The oxytocin analogue carbetocin prevents priming-induced reinstatement of morphine-seeking: Involvement of dopaminergic, noradrenergic and MOPr systems.
|Title||The oxytocin analogue carbetocin prevents priming-induced reinstatement of morphine-seeking: Involvement of dopaminergic, noradrenergic and MOPr systems.|
|Publication Type||Journal Article|
|Year of Publication||2015|
|Authors||Georgiou P, Zanos P, Garcia-Carmona J-A, Hourani S, Kitchen I, Kieffer BL, Laorden M-L, Bailey A|
|Date Published||2015 Dec|
|Keywords||Analysis of Variance, Animals, Carbenicillin, Conditioning, Operant, Corticosterone, Dopamine, Drug-Seeking Behavior, Locomotion, Male, Mice, Mice, Inbred C57BL, Morphine, Norepinephrine, Protein Binding, Receptors, Opioid, mu, Receptors, Oxytocin, Regression Analysis|
Relapse to illicit drug-seeking following abstinence is a major challenge for the treatment of addiction as no effective pharmacotherapy is available. We have recently shown that activating the central oxytocinergic system prevents emotional impairment and stress-induced reinstatement associated with opioid withdrawal. Here, we investigated whether the oxytocin analogue carbetocin (CBT) is able to reverse morphine-primed reinstatement of conditioned-place preference (CPP) in mice. The mechanism underlining the behavioural effect of CBT was investigated by assessing the involvement of the striatal noradrenergic and dopaminergic systems in CBT reversal of priming- and stress-induced reinstatement of opioid CPP. In addition, given recent evidence suggesting the presence of oxytocin receptor (OTR)-μ-opioid receptor (MOPr) interactions in the brain, we further explored these interactions by carrying out OTR autoradiographic binding in brain of mice lacking MOPr. CBT administration prevented priming-induced reinstatement of morphine CPP. While an acute effect of CBT in enhancing dopamine turnover was observed following stress- and priming-induced reinstatement, CBT significantly decreased striatal noradrenaline turnover only following priming-induced reinstatement. Moreover, a significant brain region- specific increase in OTR binding was observed in MOPr knockout mice, indicating the presence of a possible OTR-MOPr interaction, which may be involved in the modulation of relapse. These results support the oxytocinergic system as a promising target for the prevention of relapse to opioid use and highlight the differential involvement of monoaminergic systems on the effects of OTR stimulation in preventing stress- and priming-induced reinstatement of opioid CPP behaviour.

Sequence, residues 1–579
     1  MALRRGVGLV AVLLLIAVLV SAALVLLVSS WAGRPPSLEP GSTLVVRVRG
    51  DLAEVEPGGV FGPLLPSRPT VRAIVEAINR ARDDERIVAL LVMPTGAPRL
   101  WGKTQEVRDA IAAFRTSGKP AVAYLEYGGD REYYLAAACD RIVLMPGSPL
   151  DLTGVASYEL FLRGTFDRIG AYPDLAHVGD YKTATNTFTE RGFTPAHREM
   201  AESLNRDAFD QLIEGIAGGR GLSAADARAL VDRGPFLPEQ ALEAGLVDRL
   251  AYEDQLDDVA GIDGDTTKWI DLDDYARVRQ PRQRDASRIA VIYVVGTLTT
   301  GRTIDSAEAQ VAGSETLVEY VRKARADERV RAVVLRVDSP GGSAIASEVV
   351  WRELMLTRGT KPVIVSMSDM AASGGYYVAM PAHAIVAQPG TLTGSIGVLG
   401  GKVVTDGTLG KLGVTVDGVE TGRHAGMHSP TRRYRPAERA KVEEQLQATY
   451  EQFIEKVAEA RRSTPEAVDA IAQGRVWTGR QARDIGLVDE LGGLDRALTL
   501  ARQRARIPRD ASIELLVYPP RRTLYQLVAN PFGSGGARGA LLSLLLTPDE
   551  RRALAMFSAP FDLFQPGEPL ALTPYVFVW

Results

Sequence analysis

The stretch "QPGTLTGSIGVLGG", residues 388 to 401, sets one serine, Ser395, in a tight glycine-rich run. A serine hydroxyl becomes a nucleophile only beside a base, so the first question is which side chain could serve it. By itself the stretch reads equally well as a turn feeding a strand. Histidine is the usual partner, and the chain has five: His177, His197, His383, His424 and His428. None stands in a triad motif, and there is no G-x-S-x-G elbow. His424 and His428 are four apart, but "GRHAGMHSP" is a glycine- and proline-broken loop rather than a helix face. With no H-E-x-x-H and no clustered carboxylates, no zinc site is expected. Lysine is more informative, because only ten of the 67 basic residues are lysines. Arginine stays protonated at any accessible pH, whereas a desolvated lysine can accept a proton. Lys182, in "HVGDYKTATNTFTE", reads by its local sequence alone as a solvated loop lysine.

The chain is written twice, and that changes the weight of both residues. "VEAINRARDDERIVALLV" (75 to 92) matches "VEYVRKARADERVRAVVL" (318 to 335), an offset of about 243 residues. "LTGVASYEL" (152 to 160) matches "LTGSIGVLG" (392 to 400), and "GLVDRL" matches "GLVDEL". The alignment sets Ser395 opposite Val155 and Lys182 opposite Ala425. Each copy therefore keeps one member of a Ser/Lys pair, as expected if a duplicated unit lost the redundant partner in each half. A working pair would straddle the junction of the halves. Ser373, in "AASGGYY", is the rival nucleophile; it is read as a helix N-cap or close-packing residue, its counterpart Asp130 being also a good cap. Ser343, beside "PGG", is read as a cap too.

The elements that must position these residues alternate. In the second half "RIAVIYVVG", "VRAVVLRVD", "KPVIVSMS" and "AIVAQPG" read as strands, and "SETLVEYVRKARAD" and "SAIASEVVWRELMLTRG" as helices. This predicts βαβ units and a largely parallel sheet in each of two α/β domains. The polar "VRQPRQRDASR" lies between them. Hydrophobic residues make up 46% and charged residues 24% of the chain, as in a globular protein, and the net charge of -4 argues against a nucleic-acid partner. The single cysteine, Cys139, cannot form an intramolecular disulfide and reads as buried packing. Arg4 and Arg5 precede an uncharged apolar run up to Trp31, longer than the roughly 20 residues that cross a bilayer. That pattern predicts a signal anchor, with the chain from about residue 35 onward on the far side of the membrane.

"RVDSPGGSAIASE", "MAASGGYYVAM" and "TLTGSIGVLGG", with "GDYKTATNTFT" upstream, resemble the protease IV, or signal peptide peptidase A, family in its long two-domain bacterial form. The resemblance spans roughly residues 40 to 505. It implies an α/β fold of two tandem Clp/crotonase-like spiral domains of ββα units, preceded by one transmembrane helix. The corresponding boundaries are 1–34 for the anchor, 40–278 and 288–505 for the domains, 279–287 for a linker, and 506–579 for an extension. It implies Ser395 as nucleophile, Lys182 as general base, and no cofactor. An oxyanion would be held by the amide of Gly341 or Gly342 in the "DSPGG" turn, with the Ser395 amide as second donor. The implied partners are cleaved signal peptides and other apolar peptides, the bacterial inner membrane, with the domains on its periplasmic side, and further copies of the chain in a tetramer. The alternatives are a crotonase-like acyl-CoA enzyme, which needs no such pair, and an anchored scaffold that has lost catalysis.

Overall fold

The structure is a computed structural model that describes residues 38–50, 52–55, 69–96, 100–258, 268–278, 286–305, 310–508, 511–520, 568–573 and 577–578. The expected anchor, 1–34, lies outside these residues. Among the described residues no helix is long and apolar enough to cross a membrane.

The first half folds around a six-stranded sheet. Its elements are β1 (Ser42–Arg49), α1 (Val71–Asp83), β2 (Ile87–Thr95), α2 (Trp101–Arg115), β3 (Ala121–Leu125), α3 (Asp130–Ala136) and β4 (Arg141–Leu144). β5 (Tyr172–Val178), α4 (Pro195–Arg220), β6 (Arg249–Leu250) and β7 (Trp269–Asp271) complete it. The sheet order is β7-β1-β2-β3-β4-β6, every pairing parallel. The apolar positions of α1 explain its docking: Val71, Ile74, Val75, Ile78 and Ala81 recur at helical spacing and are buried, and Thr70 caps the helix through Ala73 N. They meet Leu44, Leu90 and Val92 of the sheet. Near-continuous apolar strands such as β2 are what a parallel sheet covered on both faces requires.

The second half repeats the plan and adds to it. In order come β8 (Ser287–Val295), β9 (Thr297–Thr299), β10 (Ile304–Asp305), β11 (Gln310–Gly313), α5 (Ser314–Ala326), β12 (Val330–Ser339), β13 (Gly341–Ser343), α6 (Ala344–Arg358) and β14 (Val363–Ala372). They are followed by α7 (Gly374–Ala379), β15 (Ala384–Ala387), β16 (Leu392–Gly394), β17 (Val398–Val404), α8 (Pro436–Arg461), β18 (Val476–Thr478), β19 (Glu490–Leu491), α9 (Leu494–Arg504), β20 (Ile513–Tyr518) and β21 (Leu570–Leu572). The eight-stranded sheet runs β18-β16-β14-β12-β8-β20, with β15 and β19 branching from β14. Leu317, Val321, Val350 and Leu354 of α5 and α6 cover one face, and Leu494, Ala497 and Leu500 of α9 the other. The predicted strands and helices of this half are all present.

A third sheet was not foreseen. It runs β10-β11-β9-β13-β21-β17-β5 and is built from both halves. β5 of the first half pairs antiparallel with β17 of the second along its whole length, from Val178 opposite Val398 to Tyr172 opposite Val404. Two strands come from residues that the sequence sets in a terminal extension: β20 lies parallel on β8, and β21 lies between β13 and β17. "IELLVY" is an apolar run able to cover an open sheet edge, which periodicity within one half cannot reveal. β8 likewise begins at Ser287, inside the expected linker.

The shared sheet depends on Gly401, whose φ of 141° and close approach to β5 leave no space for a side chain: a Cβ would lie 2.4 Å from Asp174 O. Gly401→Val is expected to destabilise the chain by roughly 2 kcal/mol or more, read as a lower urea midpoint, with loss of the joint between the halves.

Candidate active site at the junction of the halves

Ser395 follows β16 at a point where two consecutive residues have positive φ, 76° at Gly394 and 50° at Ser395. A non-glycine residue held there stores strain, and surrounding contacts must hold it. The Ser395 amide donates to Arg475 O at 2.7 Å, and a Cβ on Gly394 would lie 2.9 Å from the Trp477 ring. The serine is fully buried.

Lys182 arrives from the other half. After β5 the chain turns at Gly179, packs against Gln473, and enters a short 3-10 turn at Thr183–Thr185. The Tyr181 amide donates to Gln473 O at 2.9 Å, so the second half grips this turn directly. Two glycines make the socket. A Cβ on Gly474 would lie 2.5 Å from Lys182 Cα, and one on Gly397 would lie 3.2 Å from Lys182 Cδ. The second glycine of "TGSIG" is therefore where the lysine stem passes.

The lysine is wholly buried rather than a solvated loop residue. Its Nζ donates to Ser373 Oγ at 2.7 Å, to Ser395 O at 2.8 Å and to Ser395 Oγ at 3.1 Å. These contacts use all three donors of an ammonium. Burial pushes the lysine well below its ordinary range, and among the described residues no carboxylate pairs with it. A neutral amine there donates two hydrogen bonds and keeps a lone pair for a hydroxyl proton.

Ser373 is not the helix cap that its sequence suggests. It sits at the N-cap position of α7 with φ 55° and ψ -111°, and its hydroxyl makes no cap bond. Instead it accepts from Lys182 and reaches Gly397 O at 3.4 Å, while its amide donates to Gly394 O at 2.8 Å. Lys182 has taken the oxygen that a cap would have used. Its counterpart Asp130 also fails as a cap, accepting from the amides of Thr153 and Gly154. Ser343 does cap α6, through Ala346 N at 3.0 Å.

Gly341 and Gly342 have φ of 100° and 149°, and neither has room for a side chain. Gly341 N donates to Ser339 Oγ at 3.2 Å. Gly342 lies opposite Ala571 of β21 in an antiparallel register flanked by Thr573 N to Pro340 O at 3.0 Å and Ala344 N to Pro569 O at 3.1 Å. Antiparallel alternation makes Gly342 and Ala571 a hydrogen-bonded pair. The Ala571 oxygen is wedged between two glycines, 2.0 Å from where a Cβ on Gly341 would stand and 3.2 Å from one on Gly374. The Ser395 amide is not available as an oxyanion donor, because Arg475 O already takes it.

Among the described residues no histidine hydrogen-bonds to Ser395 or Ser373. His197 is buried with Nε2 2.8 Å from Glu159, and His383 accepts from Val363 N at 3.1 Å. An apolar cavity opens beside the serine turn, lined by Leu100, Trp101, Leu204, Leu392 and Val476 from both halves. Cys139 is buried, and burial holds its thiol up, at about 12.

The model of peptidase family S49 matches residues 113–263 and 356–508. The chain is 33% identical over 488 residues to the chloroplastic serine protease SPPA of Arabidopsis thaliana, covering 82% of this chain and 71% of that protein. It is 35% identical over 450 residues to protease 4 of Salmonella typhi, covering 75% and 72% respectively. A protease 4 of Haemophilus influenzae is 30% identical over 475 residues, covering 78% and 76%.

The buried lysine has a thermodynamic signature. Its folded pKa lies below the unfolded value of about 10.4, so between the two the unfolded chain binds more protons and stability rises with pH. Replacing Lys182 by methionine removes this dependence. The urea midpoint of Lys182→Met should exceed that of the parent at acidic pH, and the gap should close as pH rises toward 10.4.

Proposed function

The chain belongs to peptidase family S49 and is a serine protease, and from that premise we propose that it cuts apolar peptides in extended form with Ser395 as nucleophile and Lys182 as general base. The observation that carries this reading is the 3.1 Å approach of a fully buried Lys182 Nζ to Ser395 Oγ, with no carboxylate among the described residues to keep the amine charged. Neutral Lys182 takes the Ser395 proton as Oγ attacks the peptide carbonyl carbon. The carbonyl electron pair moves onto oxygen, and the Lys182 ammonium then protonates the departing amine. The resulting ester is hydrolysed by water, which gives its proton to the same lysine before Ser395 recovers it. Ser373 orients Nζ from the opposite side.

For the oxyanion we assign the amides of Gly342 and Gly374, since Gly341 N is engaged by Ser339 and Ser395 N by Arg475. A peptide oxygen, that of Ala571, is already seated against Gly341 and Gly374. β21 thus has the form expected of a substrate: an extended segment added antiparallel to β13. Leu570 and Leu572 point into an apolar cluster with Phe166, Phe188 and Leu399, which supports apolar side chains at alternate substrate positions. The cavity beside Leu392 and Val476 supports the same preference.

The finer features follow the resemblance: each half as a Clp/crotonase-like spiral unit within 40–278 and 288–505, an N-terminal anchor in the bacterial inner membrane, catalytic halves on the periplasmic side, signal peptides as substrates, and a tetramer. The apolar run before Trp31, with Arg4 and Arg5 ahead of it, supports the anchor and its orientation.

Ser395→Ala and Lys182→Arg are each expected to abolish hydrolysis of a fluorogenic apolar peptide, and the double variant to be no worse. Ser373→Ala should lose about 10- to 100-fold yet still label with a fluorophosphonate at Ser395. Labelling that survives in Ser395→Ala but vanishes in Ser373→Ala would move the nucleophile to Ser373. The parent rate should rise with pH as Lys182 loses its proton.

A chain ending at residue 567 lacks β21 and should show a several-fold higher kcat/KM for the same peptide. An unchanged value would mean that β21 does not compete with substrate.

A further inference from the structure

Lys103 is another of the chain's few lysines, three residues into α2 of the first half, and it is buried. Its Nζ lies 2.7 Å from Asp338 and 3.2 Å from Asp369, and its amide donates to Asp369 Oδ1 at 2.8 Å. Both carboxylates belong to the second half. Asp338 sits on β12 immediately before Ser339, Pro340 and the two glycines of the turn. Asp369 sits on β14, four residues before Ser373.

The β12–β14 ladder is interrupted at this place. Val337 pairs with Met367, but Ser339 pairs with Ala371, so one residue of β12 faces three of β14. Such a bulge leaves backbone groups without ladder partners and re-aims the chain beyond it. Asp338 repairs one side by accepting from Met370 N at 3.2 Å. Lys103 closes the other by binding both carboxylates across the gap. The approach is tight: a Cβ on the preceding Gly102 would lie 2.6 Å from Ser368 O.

|Alternate Journal||Eur Neuropsychopharmacol|